An 85-year-old woman, all alone in a convent, got trapped inside an elevator for 4 nights and 3 days. Fortunately, she had a jar of water, some celery sticks, and a few cough drops. After she tried unsuccessfully to open the elevator doors and get a cell phone signal, she decided to turn to God in prayer. “It was either panic or pray,” she later told CNN. In her distress, she relied on God and waited till she was rescued.
Samuel, who was 4, had finished eating his dinner and asked if he could be dismissed from the table. He wanted to go outside to play. But he was too young to be out alone, so his mother said, “No. You can’t go outside by yourself. You need to wait for me to finish and go with you.” His quick reply: “But, Mommy, Jesus is with me!”
During my first year of seminary, I listened as a new friend described her life. Abandoned by her husband, she was raising two small children alone. Earning just over minimum wage, she had little chance of escaping the poverty and dangers she described in her neighborhood.
When my daughter Debbie was a little girl, she took ballet lessons. One dance exercise involved jumping over a rolled-up gym mat. Debbie’s first attempt resulted in her bouncing off this hurdle. For a moment she sat on the floor stunned, and then she began to cry. Immediately, I darted out to help her up and spoke soothing words to her. Then, holding her hand, I ran with her until she successfully jumped over the rolled-up mat. Debbie needed my encouragement to clear that hurdle.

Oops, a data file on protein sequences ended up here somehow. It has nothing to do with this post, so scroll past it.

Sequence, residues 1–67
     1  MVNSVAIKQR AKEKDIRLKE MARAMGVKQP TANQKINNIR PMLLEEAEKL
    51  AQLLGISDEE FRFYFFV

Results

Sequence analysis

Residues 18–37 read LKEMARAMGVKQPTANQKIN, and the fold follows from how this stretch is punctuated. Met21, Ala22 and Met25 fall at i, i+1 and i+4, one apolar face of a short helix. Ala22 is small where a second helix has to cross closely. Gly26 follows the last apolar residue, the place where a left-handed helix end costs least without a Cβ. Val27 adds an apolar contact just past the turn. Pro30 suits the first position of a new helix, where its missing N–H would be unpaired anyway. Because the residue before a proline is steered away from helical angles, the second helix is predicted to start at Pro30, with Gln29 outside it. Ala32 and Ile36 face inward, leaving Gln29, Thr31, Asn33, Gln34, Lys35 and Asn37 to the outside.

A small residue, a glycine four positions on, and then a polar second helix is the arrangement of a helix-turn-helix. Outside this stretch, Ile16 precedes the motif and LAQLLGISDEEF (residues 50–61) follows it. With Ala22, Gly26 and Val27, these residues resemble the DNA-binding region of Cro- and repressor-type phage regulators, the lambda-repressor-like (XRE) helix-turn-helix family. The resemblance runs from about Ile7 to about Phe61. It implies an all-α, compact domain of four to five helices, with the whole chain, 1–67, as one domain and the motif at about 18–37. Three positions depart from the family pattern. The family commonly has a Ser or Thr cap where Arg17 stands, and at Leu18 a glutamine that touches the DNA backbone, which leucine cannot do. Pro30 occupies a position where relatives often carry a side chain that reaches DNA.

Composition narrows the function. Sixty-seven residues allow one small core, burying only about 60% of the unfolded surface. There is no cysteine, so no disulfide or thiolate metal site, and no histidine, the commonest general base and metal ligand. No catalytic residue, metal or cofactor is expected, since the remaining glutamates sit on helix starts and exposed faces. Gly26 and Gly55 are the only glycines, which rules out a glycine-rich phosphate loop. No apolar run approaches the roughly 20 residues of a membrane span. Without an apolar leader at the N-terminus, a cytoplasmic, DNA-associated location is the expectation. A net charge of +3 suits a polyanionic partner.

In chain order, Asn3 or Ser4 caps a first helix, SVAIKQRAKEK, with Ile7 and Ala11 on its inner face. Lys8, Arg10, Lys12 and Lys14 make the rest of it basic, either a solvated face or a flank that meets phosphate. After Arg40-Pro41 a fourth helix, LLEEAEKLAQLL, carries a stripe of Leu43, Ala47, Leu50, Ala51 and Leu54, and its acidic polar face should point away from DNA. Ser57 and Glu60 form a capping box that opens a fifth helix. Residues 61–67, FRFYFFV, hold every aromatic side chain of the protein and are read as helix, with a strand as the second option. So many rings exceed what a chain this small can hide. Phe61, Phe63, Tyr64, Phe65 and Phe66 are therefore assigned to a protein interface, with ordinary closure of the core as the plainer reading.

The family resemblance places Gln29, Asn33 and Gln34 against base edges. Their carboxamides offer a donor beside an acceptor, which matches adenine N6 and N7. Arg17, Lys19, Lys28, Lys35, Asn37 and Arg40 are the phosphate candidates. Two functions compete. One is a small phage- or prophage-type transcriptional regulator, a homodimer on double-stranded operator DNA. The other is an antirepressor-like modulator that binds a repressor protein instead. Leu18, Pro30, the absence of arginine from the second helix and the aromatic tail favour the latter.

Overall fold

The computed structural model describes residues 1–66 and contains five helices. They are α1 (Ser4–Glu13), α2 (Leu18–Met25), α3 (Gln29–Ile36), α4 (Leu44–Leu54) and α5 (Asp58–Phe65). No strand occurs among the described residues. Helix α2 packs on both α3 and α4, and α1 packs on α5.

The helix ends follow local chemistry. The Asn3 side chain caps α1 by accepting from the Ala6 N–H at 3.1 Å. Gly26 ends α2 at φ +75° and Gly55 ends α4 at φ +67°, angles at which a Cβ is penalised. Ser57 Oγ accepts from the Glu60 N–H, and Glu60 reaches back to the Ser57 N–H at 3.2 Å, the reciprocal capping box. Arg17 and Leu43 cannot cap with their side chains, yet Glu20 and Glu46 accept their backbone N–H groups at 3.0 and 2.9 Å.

You’d think I would have my mother’s fingerprints embedded in my knee from all the times she squeezed my leg in church and whispered in no uncertain terms, “Be still.” Like any boy, I had a bad case of the wiggles in places like church. So for years, when I read, “Be still, and know that I am God” (Ps. 46:10), I thought of it in terms of not being antsy.
An unusual list called The 100 Least Powerful People in the World appeared in the online publication 24/7 Wall St. Among those selected were corporate executives, sports figures, politicians, and celebrities who shared one common characteristic—they used to be powerful. Some were victims of circumstances, others made poor business decisions, while others lost their influence because of moral failure.
When I was young, I thought the cost of living in my parents’ home was too high. Looking back, I laugh at how ridiculous it was to complain. My parents never charged me a cent for living at home. The only “cost” was obedience. I simply had to obey rules like clean up after myself, be polite, tell the truth, and go to church. The rules weren’t difficult, but I still had trouble obeying them. My parents didn’t kick me out for my disobedience, however. They just kept reminding me that the rules were to protect me, not harm me, and sometimes they made the rules stricter to protect me from myself.